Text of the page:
Solicitor who betrayed disabled brother and sister is jailed and must pay compensation

Ranbir Dhaliwal.

Ranbir Dhaliwal.

Disgraced Solicitor Ranbir Dhaliwal was jailed for nine months today (Monday, December 3) for betraying a severely disabled brother and sister who he got to sign away their rights to their home.

Though neither could read or write, Dhaliwal managed to get Clare and John Bartlett to put “their marks” on two important legal documents.

Clare was able to write a ‘C’ for her name and her brother followed dots to write a ‘J’ for his.

The documents gave away any rights they had to stay in their home if their parents were to default on a quarter of a million pound loan and the house in Wyton in Huntingdon was repossessed.

Passing sentence, Judge John Plumstead told the 45-year-old it was a “shocking” case.

Dhaliwal had been recruited by two fraudsters who had persuaded John and Clare’s parents to take out the loan. It was to eventually lead to the parents being declared bankrupt to the tune of £1.3 million.

The Judge told Dhaliwal from Carnoustie Drive, Great Denham, : “For as little as £2,000 you sold your professional reputation and you did so at the expense of extremely vulnerable people.”

He went on “You were willing to sell your status, your honour and professionalism in order to help crooks. That’s what makes it extraordinary.”

Before he was led from the dock to begin his sentence, St Albans Crown Court was told Dhaliwal’s reputation was in tatters and his business was ruined after his staff had walked out on him. He now faces the prospect of bankruptcy.

Dhaliwal, a solicitor of 16 years who is married with three young children and who ran his practice in Woodford in Essex, was appearing for sentence today having been found guilty by a jury in November of one charge of fraud by abuse of position and two charges of fraud by false representation.

At his trial, the solicitor himself told the jury that what happened that day back in January 2008 had been a judgement call that he now bitterly regretted.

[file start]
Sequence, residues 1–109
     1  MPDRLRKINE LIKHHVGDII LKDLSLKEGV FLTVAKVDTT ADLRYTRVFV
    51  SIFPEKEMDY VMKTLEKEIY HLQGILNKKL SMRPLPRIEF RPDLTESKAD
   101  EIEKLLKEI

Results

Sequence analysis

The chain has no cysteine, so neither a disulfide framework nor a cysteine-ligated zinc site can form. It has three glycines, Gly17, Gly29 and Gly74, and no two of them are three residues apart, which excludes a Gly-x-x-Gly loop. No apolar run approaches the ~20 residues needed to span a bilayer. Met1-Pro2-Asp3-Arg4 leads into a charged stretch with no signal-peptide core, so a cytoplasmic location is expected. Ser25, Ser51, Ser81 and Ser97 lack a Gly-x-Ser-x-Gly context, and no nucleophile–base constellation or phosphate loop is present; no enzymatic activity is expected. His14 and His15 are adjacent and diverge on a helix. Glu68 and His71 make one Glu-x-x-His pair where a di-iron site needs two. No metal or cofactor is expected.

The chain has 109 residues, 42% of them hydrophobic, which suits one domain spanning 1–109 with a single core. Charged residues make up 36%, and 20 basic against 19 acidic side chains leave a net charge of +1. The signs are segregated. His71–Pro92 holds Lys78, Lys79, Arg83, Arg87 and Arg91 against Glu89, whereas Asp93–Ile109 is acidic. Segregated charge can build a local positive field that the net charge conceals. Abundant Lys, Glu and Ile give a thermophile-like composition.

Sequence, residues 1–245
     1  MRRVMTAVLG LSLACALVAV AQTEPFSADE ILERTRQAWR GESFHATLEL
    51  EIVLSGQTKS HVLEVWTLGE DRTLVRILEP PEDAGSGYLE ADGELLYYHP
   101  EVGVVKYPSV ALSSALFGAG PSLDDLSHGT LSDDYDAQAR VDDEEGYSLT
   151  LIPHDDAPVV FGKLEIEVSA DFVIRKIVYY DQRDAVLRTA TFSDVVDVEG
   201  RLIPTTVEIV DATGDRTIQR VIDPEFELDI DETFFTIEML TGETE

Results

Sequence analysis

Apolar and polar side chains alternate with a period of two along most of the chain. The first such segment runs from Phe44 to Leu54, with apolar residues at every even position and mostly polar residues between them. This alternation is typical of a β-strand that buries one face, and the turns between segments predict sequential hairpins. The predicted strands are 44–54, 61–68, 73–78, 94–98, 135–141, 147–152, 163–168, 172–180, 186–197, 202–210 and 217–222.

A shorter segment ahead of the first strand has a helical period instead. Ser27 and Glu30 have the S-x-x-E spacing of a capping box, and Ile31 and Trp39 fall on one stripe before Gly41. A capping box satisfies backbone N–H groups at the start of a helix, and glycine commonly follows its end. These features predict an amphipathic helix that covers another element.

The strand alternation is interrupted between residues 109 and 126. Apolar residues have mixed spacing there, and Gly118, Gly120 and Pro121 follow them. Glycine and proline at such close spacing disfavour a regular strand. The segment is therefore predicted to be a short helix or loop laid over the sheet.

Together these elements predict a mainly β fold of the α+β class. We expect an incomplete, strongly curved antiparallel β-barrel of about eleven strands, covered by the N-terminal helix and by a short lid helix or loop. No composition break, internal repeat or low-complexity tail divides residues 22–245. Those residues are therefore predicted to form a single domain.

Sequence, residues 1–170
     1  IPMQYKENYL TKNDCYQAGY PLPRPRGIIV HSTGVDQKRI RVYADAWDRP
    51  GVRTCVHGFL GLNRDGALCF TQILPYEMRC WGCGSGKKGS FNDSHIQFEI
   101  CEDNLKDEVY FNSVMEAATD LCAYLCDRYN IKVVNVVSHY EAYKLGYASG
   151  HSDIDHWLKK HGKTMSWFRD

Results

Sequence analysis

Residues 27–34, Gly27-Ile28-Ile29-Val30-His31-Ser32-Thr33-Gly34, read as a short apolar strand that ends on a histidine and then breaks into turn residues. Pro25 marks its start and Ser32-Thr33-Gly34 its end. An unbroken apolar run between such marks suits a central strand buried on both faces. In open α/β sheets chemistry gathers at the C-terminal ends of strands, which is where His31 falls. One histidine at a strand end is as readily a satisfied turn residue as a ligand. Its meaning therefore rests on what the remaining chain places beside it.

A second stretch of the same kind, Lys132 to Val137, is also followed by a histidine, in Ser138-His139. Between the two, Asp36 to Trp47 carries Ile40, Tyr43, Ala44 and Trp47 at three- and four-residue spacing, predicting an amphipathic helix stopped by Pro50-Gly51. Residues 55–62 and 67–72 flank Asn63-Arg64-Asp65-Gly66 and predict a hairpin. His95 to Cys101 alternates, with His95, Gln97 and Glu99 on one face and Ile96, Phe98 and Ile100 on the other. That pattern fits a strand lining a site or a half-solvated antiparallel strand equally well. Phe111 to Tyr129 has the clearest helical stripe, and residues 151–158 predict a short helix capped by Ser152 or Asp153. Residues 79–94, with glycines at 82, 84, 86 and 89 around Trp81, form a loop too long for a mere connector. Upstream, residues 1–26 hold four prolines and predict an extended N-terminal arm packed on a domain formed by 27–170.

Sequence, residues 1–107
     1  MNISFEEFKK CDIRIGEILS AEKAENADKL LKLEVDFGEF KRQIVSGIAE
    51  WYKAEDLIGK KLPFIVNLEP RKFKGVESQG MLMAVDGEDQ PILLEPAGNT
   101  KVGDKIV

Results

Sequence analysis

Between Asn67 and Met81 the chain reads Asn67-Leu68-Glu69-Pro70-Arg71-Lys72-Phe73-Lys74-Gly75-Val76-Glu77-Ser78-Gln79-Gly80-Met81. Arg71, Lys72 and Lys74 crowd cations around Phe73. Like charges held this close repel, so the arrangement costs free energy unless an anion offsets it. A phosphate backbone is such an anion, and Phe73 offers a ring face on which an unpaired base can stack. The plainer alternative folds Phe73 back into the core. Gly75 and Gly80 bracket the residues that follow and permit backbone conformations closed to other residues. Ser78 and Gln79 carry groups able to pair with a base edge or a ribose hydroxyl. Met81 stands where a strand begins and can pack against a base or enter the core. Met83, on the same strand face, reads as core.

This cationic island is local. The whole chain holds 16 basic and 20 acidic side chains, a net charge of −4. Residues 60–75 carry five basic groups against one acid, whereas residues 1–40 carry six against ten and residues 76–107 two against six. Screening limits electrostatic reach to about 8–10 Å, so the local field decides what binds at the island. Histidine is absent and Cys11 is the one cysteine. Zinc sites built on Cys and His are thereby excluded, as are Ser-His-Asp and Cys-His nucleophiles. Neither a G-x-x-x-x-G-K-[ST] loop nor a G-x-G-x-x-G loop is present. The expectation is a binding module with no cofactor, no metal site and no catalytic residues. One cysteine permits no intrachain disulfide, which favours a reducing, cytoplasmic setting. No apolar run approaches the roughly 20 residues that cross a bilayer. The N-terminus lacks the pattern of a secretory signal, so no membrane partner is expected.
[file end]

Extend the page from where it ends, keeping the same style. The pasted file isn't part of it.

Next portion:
During Dhaliwal’s trial, the court heard that John and Clare’s parents, 70-year-old Clifford Bartlett and his 63-year-old wife Elaine, were the victims of two conmen who were operating a million pound photocopier scam.

The Bartletts ran a small business from their home publishing ancient music and needed photocopiers.

But crooked salesmen Gary Carr, 49, and Mark Carmichael, 48, had secretly taken out over 40 fraudulent lease hire agreements in the names of the parents which was raking them in a fortune in interest payments.

The Bartletts, who it was said in court, were not “worldly” and who were ill equipped to see what was happening, couldn’t understand the huge amounts of money flooding out of their bank account each month

Keen to keep their scam going, the court heard Carr and Carmichael persuaded the children’s unsuspecting parents to take out a quarter of a million pound loan.

A finance company was found who were prepared to make the loan to the Bartletts, but wanted their home put up as security.

But, said Michael Speak prosecuting, when the finance company discovered the two grown up children of the couple lived with them, it was decided they should be asked to sign over their rights to the property in the event of their parents defaulting on the loan.

Mr Speak prosecuting said the two fraudsters, who were organising things, didn’t tell the company that both the adult children were “massively physically and mentally handicapped and dependant on the care from their parents.”